LAMB: ...of Ho Chi Minh, saying--this is what he wrote. `Many Viet and foreign writers and journalists have tried to write biographies of the president of the Democratic Republican Vietnam.' He's talking about himself. `But so far, they have not--had little success--they had have little success. The reason is simple.' Again, he's writing about himself. `The modest President Ho doesn't like to be talked about too much.' Later on in the book when the question of biography is mentioned, Ho replies, `Biography that is--that is a good thing. But at present, our people still live in poverty. After 80 years of slavery, our country is in ruin and we have a big task of reconstruction. Let's do what is most urgent first. As for my biography, it can wait.' A quote within a quote within an--an article that's--yeah.
Prof. DUIKER: Yeah, I'm having trouble following it.
LAMB: It is. But in other words, Ho Chi Minh wrote these phony biographies or autobiographies under an assumed name writing about himself in the book that he wasn't interested in biography. What do you take on--what's your take on that?
Prof. DUIKER: Well, I think that's part of Ho Chi Minh's image making. He certainly began to see himself at some point as a symbol of his cause. And I think he realized his talent. And--in--in effect, making himself the public image of the movement. And he saw, in effect, that it was the appeal to his personality and his character, that it was a large part of the success of his movement.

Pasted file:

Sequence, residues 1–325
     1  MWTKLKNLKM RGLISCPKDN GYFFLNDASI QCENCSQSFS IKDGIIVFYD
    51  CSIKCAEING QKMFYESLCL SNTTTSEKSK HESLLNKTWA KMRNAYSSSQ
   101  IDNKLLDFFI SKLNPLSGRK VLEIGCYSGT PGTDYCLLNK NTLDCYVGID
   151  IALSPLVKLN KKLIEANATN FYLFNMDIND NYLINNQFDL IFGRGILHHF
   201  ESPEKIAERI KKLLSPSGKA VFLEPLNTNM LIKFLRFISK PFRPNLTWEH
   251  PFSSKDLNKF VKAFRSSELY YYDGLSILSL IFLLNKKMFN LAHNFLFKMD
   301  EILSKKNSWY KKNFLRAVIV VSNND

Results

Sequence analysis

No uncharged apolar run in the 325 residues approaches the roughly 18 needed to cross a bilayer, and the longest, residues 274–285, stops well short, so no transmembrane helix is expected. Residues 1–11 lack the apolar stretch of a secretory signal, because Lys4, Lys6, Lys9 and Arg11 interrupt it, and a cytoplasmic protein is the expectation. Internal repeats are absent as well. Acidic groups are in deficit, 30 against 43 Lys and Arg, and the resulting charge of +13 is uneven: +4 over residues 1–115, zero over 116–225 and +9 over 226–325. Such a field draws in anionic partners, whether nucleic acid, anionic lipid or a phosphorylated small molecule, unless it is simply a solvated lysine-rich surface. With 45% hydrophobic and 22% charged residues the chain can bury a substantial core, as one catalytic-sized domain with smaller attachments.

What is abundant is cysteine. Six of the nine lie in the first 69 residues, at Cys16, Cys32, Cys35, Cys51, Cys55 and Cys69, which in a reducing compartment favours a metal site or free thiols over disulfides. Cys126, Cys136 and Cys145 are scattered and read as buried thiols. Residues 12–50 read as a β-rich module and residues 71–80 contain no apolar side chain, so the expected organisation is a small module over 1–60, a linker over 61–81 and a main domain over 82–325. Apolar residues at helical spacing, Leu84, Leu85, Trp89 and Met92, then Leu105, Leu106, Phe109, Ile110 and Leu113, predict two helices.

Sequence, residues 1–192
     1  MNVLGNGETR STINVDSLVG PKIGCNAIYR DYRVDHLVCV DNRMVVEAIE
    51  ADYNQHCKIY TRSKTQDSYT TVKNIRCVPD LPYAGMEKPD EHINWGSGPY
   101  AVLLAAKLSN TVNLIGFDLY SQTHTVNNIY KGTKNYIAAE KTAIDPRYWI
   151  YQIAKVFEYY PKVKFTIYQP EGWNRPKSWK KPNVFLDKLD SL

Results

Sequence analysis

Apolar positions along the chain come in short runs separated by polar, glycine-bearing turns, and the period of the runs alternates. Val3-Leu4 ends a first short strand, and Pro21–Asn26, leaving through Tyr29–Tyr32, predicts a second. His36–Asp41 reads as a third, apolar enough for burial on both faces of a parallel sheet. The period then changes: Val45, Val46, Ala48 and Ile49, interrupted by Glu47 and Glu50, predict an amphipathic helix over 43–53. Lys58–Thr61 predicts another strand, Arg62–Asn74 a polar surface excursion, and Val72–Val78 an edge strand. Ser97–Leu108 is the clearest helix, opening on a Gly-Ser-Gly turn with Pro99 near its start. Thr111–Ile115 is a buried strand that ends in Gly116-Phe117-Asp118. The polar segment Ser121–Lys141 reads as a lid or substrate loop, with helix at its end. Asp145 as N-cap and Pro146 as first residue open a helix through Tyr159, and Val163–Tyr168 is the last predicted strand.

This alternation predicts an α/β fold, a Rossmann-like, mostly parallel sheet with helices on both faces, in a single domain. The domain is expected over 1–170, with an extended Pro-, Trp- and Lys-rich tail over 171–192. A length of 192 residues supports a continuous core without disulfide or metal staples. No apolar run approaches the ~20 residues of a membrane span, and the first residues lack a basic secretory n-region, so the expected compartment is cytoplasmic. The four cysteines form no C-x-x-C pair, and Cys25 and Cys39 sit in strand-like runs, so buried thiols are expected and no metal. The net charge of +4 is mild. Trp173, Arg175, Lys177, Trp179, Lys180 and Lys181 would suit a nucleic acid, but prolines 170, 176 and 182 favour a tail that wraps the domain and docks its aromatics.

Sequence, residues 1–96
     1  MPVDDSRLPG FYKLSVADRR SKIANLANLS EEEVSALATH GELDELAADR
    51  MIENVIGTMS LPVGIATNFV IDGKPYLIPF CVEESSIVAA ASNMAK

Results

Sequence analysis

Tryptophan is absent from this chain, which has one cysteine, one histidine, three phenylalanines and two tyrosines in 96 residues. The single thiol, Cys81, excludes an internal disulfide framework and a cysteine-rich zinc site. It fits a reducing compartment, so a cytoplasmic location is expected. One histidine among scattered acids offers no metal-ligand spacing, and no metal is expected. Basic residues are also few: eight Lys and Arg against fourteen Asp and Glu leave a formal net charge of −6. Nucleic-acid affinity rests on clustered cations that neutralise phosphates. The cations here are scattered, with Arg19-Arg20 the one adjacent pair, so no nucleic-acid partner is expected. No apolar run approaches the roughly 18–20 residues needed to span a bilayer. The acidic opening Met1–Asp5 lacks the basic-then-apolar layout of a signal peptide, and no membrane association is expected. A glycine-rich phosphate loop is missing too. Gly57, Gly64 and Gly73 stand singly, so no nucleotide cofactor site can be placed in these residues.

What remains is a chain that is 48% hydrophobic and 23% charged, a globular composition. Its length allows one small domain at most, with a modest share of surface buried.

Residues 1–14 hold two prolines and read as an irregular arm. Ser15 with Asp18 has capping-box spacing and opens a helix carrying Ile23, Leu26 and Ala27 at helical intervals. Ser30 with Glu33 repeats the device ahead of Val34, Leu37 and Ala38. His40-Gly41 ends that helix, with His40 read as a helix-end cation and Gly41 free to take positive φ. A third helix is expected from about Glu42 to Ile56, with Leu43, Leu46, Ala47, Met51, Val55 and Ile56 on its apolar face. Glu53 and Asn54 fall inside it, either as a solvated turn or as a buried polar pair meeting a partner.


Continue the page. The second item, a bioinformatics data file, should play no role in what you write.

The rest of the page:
LAMB: Do you read Vietnamese?
Prof. DUIKER: I--I read it reasonably well. I do keep a dictionary handy.
LAMB: And this book, "Ho Chi Minh: A Life," has there ever been a book written like this?
Prof. DUIKER: Not one of this length and not one that I think delves as much as--as I have into his movements. There may be some people who say, `You're talking a lot--awful lot about where he went and when.' And I do that in part because that's been part of the mystery of Ho Chi Minh is that he's seen everywhere, and wha--it's important, I think, to tie down his--you know, hi--where he went and why he did he what he did. And I've tried to let the story speak for itself.
LAMB: Here's the book. It's called "Ho Chi Minh" by William J. Duiker. We thank you very much for joining us.
Prof. DUIKER: Thank you, Brian.